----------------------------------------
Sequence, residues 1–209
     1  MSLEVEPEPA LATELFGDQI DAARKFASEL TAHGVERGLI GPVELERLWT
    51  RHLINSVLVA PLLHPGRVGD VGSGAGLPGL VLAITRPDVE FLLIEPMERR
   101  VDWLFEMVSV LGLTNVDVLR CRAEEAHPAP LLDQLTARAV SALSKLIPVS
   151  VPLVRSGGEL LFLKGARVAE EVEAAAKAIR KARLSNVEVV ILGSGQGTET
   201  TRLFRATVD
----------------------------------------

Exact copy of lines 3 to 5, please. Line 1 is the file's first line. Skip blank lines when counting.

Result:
    51  RHLINSVLVA PLLHPGRVGD VGSGAGLPGL VLAITRPDVE FLLIEPMERR
   101  VDWLFEMVSV LGLTNVDVLR CRAEEAHPAP LLDQLTARAV SALSKLIPVS
   151  VPLVRSGGEL LFLKGARVAE EVEAAAKAIR KARLSNVEVV ILGSGQGTET